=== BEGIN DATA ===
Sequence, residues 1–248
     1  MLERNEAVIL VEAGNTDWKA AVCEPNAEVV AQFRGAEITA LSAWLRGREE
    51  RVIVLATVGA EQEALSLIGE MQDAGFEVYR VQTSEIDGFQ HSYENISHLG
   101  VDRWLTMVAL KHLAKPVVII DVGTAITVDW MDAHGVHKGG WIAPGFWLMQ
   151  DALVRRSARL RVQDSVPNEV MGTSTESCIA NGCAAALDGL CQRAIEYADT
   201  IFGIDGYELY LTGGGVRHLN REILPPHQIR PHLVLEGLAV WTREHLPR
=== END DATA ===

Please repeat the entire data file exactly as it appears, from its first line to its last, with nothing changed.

Sequence, residues 1–248
     1  MLERNEAVIL VEAGNTDWKA AVCEPNAEVV AQFRGAEITA LSAWLRGREE
    51  RVIVLATVGA EQEALSLIGE MQDAGFEVYR VQTSEIDGFQ HSYENISHLG
   101  VDRWLTMVAL KHLAKPVVII DVGTAITVDW MDAHGVHKGG WIAPGFWLMQ
   151  DALVRRSARL RVQDSVPNEV MGTSTESCIA NGCAAALDGL CQRAIEYADT
   201  IFGIDGYELY LTGGGVRHLN REILPPHQIR PHLVLEGLAV WTREHLPR